or the wrong thing
I get to chose
It’s a state of being.
Hey, everybody else beat me to the significant lines!
Eva Ulian says
My advice to writers has always been if you can live without it, then you will do yourself and the world a favour if you don’t write.
I hate and love writing, just like food, I do it to live- it is the cause for my existence.
There is no more obscure moment than when you can’t create: no greater moment when you give birth to your creation.
I like the suspense of sending it off to a publisher and not knowing if it will be accepted or rejected. After puttng all that effort into it, the agony of waiting for a reply is long and,at times, unacceptable. But, when the answer finally arrives, I give out a big happy HURRAY, whether good or bad, and continue with something I’ve started in the meantime.
I love making the things that I can see in mind come to life for other people. . .writing makes me feel sane.
p.s. Thanks for your blog, I find it both educational and interesting!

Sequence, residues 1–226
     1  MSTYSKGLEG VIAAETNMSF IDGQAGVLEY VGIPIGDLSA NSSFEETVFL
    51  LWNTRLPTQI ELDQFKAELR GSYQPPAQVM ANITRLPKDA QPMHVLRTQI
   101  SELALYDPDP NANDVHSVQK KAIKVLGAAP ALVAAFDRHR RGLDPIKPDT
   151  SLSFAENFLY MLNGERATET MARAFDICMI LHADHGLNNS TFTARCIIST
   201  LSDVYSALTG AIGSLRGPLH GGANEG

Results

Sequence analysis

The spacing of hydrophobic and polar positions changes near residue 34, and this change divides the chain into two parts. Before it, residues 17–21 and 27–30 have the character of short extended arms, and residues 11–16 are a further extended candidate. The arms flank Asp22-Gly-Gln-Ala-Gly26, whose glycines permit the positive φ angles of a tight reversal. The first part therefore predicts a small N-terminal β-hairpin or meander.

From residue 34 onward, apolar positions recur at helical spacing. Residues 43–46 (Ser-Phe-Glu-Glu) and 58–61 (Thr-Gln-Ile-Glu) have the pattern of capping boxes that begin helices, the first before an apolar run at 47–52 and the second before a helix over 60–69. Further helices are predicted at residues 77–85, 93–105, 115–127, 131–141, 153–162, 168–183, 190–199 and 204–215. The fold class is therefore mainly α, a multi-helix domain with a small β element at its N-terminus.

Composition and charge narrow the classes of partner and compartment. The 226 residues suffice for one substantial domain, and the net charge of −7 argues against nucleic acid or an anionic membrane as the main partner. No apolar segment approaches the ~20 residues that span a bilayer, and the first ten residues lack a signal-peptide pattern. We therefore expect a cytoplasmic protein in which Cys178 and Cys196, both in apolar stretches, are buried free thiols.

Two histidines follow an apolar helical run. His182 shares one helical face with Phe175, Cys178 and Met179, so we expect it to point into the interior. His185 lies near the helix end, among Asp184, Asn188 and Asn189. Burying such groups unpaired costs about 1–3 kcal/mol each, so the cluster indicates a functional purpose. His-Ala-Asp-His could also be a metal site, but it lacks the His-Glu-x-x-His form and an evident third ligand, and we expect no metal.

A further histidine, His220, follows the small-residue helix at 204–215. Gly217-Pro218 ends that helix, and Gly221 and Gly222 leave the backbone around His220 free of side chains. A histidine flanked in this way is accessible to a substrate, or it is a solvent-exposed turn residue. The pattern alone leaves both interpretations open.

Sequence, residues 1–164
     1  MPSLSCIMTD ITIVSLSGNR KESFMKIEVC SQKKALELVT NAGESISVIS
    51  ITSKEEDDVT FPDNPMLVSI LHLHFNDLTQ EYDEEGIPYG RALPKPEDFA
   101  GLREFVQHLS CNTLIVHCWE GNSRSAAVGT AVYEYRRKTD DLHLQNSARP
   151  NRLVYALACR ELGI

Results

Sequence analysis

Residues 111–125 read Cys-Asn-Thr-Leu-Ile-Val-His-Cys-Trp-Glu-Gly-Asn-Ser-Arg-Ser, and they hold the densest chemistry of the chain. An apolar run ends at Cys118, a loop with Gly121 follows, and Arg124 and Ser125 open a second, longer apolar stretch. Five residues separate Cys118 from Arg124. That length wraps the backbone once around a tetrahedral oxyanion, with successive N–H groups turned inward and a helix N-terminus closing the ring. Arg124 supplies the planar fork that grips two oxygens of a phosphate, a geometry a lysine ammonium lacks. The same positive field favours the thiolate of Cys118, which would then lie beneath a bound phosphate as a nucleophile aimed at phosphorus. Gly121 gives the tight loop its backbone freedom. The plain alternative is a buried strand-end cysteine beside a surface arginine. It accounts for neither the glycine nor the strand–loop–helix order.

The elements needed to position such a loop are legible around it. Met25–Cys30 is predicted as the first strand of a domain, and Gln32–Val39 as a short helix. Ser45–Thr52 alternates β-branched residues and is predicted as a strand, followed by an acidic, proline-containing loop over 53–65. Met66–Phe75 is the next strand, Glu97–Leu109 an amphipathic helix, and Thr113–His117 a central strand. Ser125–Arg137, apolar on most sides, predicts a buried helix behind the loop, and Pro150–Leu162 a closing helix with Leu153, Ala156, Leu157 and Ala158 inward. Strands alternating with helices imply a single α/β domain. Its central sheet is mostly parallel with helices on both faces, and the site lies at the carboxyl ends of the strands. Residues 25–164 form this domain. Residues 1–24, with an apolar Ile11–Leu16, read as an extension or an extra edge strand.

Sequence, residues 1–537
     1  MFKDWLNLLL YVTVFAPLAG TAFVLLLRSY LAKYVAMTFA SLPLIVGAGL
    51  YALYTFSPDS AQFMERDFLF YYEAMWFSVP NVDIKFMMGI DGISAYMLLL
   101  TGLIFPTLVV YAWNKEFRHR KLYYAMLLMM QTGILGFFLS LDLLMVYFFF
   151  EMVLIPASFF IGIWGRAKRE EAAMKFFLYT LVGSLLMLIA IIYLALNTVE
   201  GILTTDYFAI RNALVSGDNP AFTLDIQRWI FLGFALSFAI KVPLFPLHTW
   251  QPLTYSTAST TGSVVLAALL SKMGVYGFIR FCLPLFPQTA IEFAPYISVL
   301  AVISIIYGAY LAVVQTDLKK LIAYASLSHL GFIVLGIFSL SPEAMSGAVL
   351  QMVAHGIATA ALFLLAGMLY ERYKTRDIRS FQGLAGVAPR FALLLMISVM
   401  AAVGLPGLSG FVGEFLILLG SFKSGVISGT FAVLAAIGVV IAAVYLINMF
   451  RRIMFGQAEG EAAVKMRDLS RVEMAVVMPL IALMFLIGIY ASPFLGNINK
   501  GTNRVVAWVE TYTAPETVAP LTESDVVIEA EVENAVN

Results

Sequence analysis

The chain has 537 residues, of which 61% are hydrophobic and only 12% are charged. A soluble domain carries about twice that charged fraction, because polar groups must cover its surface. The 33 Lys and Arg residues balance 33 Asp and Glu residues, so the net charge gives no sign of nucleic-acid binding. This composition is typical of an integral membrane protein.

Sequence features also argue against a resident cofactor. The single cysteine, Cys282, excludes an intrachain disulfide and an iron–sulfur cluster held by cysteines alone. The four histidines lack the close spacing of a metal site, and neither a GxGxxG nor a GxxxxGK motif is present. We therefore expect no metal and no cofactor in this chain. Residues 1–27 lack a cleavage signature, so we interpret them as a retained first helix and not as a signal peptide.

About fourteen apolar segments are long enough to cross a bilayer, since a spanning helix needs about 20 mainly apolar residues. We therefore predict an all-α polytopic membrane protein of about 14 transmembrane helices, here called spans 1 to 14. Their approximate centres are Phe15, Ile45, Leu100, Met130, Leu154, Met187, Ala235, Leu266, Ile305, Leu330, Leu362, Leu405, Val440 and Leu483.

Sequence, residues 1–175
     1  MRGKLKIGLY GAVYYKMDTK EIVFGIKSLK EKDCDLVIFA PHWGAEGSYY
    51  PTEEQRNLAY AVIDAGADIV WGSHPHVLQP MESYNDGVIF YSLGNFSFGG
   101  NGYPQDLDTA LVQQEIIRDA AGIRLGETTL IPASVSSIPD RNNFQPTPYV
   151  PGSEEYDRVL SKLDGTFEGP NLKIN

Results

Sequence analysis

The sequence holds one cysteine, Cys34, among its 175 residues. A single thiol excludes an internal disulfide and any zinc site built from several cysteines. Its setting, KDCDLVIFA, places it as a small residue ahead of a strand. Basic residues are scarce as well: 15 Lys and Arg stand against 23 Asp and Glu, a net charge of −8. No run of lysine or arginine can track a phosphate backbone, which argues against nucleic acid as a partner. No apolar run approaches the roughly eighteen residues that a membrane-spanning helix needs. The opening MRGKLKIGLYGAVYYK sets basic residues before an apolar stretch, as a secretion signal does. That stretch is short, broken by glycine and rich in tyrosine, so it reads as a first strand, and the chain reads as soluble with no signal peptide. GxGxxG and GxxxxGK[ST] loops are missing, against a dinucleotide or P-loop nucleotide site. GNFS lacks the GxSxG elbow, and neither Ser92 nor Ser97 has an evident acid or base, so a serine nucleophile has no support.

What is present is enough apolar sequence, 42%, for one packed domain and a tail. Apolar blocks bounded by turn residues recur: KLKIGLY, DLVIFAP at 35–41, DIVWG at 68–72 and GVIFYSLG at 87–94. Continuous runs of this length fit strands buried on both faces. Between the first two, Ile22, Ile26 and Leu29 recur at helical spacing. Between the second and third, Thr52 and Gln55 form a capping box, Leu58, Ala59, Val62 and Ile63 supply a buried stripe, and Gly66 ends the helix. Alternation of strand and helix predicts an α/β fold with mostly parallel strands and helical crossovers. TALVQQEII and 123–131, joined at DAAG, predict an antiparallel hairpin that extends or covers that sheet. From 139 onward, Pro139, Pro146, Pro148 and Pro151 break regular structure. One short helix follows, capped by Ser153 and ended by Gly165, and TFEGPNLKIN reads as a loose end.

No heavy lifting.
Eva, I am on my knees before the altar of your wisdom, but are we creators or interpreters?
What I love: Writing the books that I’ve always wanted to read. I’ve spent countless hours wandering the aisles of bookstores, searching for the right book, but I’ve never been able to find it (where “it” varies). I found lots of wonderful, extraordinary, entertaining things, but not the right book, if that makes any sense…
How do you find the words to describe the need that keeps you awake at night, the frustration and devastation that comes with reworking and discarding hours of work after being judged by the harshest cynic within yourself and the deepest, most sought after pleasure that results from the satisfaction and elation of finding the perfect word for just one phrase?
I love returning to the work each day eager to find out what’s going to happen NEXT!!!!
Mercy Loomis says
I can’t NOT write. The stories just come sometimes. What I love is the feeling of channeling something that is bigger than me, and is still wholly mine. I love having an outlet for my dark side. I love the struggle of translating emotion and sensation into words on a page, and having those words elicit the emotion or sensation that birthed them. And as much as I love having my stories and my characters in my head, I also loved how my brain was so quiet right after I finished the first draft of my novel. It was so peaceful. Of course, it only lasted a few days, but I appreciated the vacation.